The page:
More than 1.2 billion people on Facebook are connected to a business in another country, including 60% of the U.S. population. More than 360 million people already take part in cross-border e-commerce every year. Communities are no longer bound by borders and oceans and haven’t been for quite some time.
Mack listed three key takeaways to prepare for the consumer world in 2020. First, reimagine familiar frameworks. Meet your customers where they are when they need you. Second, create for context—it’s not just about the content anymore but the situation. And last, make mobile the center of your digital efforts. Think about the role your mobile device plays in your personal life. When will it play that role in your business life? If you’re reading this, it probably already does.
Absurdity Sells: The Value of Playful Events
“The cumulative effects of many tiny absurd acts can be huge,” said Richard Dedomenici, a British performance artist with a spiky mohawk and equally prickly demeanor. Best known for a series of absurd remakes called Redux (see this one first), Dedomenici is the only panelist so far featured without a job title. Just a name, and he delivered the kind of insights you don’t get from other marketers. In fact, he delivered the majority of them while insulting the other panelists, but there were no pushovers in this mostly UK-based panel consisting of Eleanor Barrett and Rosie Freeman, Co-Directors of The Brick Box, Henri Mazza, Vice President of Austin’s Alamo Drafthouse, and of course, just Richard Dedomenici.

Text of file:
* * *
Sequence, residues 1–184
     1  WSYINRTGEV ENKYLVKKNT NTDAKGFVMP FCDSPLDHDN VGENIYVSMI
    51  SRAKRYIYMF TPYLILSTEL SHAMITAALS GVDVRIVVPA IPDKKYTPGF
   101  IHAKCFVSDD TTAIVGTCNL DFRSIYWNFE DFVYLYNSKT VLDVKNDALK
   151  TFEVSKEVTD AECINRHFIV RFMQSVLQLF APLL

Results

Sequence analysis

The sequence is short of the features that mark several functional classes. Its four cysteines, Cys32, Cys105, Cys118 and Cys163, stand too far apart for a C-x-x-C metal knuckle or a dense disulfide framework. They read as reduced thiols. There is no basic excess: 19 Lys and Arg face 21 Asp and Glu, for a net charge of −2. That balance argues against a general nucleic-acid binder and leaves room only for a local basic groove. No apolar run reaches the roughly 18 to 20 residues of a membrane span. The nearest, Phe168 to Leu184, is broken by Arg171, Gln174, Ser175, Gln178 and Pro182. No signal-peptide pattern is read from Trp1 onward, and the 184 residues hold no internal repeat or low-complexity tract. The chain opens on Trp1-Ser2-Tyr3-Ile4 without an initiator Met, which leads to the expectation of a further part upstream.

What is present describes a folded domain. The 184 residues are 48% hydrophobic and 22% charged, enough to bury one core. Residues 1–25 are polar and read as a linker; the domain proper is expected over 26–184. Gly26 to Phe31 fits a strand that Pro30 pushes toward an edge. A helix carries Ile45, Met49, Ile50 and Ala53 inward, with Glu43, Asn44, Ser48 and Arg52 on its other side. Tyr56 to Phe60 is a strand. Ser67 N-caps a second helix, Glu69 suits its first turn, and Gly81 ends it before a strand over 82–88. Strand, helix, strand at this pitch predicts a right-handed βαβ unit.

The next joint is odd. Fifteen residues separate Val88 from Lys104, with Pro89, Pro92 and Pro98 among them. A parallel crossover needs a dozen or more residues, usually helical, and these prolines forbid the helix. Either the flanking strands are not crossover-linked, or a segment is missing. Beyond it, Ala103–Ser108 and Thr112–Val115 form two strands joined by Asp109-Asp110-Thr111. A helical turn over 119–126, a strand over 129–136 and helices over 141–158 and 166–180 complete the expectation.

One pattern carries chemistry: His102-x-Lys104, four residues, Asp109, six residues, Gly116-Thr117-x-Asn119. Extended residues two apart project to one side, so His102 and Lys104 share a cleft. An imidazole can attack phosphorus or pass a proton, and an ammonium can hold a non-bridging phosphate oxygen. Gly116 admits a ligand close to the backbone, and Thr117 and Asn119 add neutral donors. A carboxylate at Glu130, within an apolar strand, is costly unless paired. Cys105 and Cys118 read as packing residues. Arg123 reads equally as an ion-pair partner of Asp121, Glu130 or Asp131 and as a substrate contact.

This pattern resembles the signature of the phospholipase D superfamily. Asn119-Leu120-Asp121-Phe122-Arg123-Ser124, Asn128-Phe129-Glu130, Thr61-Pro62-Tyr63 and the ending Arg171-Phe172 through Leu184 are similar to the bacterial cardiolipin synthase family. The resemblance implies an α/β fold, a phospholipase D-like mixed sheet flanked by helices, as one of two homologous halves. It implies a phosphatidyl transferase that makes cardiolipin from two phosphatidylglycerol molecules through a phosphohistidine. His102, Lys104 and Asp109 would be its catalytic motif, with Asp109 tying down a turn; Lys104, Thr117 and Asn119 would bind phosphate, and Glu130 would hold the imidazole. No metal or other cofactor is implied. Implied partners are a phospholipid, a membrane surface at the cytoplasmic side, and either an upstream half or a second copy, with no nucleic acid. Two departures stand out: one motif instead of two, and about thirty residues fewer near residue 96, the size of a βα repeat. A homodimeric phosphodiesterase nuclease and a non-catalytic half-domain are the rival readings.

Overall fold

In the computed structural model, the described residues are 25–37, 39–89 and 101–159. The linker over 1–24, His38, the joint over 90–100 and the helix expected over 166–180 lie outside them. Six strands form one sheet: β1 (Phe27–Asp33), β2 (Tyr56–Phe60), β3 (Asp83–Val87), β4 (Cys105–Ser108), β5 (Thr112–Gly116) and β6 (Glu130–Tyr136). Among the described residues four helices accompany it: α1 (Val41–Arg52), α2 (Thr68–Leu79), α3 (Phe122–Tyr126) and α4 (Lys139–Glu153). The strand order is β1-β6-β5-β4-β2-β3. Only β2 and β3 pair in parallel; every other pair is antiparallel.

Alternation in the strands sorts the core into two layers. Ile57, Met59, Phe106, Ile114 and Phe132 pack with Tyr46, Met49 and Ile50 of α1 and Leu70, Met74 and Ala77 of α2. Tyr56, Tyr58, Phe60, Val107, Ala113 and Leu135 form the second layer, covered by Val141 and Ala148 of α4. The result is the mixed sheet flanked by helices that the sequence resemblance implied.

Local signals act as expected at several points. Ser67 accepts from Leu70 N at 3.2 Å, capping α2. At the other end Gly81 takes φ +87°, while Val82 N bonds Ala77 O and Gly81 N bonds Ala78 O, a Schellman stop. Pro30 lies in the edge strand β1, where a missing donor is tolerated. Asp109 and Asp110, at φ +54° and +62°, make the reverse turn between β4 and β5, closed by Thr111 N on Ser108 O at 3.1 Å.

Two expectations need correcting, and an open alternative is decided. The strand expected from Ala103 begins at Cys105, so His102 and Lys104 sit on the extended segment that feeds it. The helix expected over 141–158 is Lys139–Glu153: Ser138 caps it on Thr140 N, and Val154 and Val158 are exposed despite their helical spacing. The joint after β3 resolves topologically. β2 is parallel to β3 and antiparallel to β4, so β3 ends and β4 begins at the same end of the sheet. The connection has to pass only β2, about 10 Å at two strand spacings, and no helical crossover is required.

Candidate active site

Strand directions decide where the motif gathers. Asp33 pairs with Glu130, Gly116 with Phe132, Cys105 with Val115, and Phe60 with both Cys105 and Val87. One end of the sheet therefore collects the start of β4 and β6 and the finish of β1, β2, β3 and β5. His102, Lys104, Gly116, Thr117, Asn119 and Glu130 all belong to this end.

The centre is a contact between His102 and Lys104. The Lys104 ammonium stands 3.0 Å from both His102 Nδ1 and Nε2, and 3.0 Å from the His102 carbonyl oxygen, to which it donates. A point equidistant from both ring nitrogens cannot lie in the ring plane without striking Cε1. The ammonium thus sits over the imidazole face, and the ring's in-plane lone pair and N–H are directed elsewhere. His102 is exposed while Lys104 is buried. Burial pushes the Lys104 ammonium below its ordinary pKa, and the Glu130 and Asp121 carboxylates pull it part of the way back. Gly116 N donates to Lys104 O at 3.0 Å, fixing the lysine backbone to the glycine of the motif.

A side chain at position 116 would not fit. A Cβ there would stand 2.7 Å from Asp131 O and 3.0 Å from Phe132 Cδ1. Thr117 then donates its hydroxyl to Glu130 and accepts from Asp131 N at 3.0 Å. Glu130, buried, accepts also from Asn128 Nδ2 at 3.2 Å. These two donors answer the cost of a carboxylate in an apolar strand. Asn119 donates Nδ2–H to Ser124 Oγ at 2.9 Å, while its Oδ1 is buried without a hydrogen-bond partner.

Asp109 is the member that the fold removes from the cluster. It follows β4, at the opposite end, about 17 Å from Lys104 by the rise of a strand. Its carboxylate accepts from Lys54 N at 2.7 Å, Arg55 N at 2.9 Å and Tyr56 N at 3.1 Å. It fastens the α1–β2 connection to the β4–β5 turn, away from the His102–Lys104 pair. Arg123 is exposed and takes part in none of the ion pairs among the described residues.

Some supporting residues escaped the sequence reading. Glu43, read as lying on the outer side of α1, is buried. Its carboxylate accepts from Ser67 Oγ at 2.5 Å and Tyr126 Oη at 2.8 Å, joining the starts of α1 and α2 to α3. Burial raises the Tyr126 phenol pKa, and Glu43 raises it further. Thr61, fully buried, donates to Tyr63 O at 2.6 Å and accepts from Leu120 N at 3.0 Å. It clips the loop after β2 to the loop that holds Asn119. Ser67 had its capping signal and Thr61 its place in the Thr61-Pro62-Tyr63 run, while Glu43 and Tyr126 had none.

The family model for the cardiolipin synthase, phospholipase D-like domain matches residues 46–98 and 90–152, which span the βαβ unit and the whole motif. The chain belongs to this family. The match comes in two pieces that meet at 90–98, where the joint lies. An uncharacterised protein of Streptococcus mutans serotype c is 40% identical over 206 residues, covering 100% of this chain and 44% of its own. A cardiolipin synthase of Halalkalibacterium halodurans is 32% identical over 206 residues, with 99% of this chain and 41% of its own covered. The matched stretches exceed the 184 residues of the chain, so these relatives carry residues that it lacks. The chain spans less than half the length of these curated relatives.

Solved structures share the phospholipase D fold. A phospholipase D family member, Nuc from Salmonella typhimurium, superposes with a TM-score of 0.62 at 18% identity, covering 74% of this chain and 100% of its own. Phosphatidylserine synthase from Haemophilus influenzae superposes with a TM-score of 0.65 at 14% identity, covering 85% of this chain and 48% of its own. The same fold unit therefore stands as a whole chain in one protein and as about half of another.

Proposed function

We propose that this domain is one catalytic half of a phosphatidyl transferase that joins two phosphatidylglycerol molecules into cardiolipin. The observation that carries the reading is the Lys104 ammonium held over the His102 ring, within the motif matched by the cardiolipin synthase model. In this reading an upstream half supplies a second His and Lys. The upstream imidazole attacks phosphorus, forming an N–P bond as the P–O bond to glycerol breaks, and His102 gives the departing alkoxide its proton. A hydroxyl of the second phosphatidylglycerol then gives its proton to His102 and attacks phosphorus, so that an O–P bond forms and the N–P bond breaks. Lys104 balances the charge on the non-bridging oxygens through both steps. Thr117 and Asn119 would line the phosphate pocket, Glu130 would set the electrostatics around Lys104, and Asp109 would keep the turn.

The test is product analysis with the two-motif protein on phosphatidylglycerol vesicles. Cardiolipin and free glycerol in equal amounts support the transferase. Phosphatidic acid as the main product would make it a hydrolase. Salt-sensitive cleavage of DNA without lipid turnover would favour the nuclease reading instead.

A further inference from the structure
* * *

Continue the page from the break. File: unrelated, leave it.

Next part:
Across many sessions so far, “experiential marketing” has been lauded as the next big thing. This session was about pushing those experiences to the absurd and surreal, creating real-life spaces and situations that lie at the junction of performance art, public installation and brand interaction. Henri Mazza provided a great example. He created a man-made beach, added water and inner tubes, and held the most amazing screening of Jaws in history while viewers floated like chum in the water. Did this boost ticket sales? Not at all. Was the price per customer justifiable in any way? Not even close. Did it make his company internationally famous? Absolutely. Starting to see the point? Let’s elaborate.